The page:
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Media General is gone; $4.6 billion merger deal by Texas-based Nexstar completed

Media General is gone; $4.6 billion merger deal by Texas-based Nexstar completed

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The Media General building on East Franklin Street in downtown Richmond.

Media General Inc., the Richmond-based communications company that once owned newspapers and television stations across the country, is gone as a corporate entity.

The company was acquired Tuesday by Texas-based Nexstar Broadcasting Group Inc. in a stock and cash deal valued at $4.6 billion.

The new company — called Nexstar Media Group — becomes the nation’s second largest broadcast television operator with 171 television stations reaching about 39 percent of U.S. television households. In comparison, Sinclair Broadcast Group Inc. operates 173 stations in 81 markets.

The deal marks the end of an era for Media General, which was founded in 1969 in Richmond as a holding company for newspapers and television properties. The company had transformed itself over the years and expanded its television holdings — 71 stations at the end, including WRIC in Richmond.

It also means Richmond is no longer headquarters for Media General and its stock no longer will trade on the New York Stock Exchange. Media General shares closed Tuesday at $18.51, down 29 cents or 1.54 percent.

The companies have not said what will happen to Media General’s offices in downtown Richmond.

Nexstar Media Group’s headquarters will be in the Dallas suburb of Irving, Texas, where Nexstar is based. The company’s shares will trade on the NASDAQ Global Select Market under the “NXST” ticker symbol.

“I can’t say it is a sad day but a day we had to recognize the inevitable would happen given the scope and changes in the broadcast media today,” said Marshall N. Morton, who served as Media General’s president and CEO from 2005 to 2012.

The deal also caps a 5-year-long transformation for Media General, starting with the company’s 2012 sale of its newspapers, including the Richmond Times-Dispatch, to a subsidiary of Berkshire Hathaway Inc.

Media General subsequently merged with two other broadcasting companies — and those mergers meant an increasing amount of the headquarters operations moved elsewhere to key offices in Austin, Texas; New York City; and Providence, R.I.

Richmond was the company’s headquarters in name, but only dozens of corporate employees worked at its 333 E. Franklin St. building. While Vincent L. Sadusky, who has been Media General’s president and CEO since December 2014, had an office there, he lived in Florida.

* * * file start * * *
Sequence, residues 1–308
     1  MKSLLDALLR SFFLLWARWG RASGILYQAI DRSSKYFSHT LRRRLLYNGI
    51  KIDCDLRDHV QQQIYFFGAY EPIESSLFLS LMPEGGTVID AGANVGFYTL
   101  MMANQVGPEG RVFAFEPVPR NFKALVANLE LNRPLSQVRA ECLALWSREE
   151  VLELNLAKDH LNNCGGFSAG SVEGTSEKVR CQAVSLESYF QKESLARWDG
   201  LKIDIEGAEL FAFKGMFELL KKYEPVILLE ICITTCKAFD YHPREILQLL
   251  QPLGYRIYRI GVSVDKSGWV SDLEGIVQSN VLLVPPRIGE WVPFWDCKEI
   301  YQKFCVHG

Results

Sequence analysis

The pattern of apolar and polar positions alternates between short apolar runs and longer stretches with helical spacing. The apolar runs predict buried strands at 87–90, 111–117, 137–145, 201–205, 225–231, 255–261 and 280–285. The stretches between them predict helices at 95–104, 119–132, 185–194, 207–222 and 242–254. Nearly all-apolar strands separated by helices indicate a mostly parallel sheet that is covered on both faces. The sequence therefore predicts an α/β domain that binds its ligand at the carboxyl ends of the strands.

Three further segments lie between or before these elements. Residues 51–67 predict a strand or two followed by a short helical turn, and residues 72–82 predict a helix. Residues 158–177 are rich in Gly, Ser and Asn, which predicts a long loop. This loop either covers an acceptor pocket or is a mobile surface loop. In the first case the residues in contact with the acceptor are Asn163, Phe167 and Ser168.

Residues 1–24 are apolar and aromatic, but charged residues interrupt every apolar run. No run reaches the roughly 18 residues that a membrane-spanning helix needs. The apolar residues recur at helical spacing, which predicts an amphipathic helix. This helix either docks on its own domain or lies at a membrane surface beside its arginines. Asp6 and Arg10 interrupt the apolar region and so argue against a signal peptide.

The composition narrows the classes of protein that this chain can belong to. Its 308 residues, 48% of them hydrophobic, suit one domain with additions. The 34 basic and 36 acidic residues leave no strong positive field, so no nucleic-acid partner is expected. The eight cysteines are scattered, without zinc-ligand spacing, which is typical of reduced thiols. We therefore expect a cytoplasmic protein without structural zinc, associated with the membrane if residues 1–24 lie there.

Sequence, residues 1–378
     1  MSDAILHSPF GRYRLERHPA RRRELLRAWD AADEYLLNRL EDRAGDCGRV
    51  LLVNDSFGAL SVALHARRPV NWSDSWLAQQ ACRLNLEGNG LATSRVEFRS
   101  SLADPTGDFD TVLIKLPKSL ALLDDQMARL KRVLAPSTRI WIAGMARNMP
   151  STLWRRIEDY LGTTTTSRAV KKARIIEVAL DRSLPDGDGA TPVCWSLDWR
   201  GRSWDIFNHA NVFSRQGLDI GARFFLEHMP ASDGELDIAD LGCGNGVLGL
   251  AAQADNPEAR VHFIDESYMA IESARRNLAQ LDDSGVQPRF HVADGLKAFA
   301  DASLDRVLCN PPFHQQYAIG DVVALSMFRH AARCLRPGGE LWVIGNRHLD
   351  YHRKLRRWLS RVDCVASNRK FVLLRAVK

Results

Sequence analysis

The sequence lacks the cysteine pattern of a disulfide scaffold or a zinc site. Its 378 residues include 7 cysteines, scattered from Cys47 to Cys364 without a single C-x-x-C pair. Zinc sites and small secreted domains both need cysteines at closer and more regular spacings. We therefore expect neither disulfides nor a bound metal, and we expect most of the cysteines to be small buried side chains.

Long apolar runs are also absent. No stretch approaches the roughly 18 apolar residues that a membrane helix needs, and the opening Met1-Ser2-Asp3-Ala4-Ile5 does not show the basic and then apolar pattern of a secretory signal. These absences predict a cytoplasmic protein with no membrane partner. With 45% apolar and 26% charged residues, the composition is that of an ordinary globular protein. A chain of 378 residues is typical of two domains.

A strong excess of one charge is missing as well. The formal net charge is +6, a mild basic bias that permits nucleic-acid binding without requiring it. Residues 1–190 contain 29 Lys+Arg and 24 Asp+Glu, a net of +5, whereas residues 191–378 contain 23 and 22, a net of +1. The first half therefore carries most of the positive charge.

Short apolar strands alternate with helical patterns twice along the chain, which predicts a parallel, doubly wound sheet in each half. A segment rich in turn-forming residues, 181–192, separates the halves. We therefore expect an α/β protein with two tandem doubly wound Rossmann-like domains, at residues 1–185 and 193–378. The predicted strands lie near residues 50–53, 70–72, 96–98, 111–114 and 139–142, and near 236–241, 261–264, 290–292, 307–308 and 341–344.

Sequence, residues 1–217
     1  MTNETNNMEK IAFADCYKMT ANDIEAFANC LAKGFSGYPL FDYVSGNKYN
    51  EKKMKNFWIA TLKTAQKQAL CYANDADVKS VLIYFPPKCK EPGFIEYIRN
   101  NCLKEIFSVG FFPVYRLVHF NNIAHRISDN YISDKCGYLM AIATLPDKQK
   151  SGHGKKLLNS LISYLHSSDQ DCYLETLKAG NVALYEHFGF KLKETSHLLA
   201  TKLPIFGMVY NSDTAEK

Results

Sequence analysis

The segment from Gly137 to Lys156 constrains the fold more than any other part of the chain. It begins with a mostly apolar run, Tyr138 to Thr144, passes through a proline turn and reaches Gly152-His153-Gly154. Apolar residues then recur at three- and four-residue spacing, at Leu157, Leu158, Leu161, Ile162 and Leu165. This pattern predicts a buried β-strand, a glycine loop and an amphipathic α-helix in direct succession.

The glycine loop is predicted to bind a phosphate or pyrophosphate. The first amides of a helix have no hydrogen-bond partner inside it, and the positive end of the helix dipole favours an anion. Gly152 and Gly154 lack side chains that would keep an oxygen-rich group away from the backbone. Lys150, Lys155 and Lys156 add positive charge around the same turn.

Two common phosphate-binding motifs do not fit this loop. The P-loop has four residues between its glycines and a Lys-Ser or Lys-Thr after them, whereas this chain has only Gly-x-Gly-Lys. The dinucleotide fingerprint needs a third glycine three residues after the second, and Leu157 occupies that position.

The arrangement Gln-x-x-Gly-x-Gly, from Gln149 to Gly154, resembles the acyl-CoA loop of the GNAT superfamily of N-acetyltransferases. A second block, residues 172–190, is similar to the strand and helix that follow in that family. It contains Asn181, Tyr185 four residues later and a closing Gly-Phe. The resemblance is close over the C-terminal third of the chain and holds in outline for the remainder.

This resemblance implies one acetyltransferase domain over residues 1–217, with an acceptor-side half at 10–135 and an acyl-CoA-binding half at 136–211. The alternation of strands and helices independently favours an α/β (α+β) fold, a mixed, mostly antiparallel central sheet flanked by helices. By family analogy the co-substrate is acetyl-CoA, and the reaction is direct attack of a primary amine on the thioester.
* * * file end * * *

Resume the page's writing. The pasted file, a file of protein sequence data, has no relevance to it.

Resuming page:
The acquisition comes nearly a year after the two companies announced on Jan. 27, 2016, that they would combine.

The Federal Communications Commission approved the transaction last week. The FCC’s clearance was the final regulatory approval needed to complete the merger.

Nexstar also said Tuesday that it completed the previously announced sale of 13 television stations for $548 million, including WSLS in Roanoke.

“Our acquisition of Media General marks a significant milestone in Nexstar’s 20 year history of growth,” Perry Sook, Nexstar’s chairman, president and CEO said in a statement. He will lead the new company.

Sadusky, who will not be a part of the new company, could not be reached for comment. He was "terminated without cause," according to regulatory filings.

Also in connection with the merger, James F. Woodward, Media General’s senior vice president and chief financial officer, and Andrew C. Carington, its vice president, general counsel and secretary, have been "terminated without cause," the regulatory filings show. Each is entitled to receive the severance and benefits as provided under their employment agreement with the company.

In addition, Timothy Mulvaney stopped serving as Medial General’s controller and chief accounting officer, the filings show.

The deal is expected to more than double the combined company’s revenue — to be more than $2.3 billion — and adjusted operating profit. The combined company now expects to generate average annual free cash flow of about $565 million, up from prior guidance of $540 million, Sook said.

Nexstar Media Group expects to achieve about $81 million in “synergies,” or cost reductions and efficiencies, from combining the companies’ operations in the first year after the merger. That’s up from the $76 million it initially had expected.

Much of the synergies are expected to come from personnel reductions and eliminating redundant professional services, although Nexstar Media Group didn’t say how many jobs will be lost.

Nexstar acquired all of the outstanding shares of Media General for $10.55 per share in cash, 0.1249 share of Nexstar Class A common stock.

Each shareholder also gets one contingent value right — a type of option issued to the buyer of a company — to account for the proceeds Media General might receive, if any, in an upcoming spectrum auction run by the Federal Communications Commission. The companies said they didn’t know how much the auction might generate.

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Staff writer John Reid Blackwell contributed to this report.


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